Permanent makeup is a cosmetic technique which employs tattoos (permanent pigmentation of the dermis) as a means of producing designs that resemble makeup, such as eyeliner and other permanent enhancing colors to the skin of the face, lips, and eyelids. It is also used to produce artificial eyebrows, particularly in people who have lost them as a consequence of old age, disease, such as alopecia totalis, chemotherapy, or a genetic disturbance, and to disguise scars and white spots in the skin. It is also used to restore or enhance the breast’s areola, such as after breast surgery.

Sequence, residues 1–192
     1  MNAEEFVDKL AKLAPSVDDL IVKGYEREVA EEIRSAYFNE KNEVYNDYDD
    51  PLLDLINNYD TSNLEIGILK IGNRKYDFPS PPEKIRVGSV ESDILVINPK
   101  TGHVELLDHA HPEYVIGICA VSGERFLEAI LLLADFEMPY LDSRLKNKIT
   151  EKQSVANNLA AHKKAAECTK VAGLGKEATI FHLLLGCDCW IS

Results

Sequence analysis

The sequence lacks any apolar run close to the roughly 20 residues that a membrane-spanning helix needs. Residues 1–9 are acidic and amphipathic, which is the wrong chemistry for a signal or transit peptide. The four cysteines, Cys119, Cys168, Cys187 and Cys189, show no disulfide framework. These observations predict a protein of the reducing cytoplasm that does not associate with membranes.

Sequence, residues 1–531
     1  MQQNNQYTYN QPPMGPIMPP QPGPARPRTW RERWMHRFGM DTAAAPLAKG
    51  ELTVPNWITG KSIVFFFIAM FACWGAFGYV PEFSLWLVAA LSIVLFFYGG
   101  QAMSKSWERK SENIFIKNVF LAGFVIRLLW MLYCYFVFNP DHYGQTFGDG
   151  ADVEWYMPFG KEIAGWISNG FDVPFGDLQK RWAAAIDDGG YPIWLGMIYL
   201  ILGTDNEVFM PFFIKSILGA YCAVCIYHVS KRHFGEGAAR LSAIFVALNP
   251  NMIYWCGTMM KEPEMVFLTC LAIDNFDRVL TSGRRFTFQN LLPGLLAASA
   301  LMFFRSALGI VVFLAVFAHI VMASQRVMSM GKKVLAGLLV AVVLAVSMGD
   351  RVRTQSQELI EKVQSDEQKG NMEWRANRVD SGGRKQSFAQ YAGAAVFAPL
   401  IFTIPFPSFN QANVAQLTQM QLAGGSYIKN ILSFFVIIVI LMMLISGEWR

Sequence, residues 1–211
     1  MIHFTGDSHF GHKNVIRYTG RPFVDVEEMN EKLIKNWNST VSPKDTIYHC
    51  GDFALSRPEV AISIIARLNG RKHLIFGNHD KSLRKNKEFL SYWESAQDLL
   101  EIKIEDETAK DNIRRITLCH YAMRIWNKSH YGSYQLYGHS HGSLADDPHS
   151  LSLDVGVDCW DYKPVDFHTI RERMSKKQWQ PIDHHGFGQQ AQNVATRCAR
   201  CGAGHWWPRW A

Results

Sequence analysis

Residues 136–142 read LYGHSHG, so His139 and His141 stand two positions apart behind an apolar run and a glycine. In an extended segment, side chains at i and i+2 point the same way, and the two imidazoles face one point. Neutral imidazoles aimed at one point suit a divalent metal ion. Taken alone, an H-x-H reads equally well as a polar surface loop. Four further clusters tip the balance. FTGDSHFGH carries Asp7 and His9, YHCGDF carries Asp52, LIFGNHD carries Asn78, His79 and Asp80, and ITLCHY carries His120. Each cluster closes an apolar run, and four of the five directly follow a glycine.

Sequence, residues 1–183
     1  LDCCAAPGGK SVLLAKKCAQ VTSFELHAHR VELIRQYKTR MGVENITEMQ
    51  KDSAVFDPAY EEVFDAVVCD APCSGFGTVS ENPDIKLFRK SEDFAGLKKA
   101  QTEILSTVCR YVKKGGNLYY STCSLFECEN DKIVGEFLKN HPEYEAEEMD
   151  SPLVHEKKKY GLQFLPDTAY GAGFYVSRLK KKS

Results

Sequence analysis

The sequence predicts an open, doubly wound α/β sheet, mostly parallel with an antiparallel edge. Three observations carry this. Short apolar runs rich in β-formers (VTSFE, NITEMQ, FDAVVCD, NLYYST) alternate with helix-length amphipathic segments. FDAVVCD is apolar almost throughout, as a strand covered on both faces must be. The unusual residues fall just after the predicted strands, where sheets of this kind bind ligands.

Most commonly called permanent cosmetics, other names include dermapigmentation, micropigmentation, and cosmetic tattooing, the latter being most appropriate since permanent makeup is, in fact, tattooing. In the United States and under similar arrangements in some other countries, the colorant additives used in permanent makeup pigments are subject to pre-market approval as cosmetics and or color additives under the Federal Food, Drug, and Cosmetic Act. However because of other competing public health priorities and a previous lack of evidence of safety problems specifically associated with these pigments, FDA traditionally has not exercised regulatory authority for color additives on the pigments used in tattoo inks.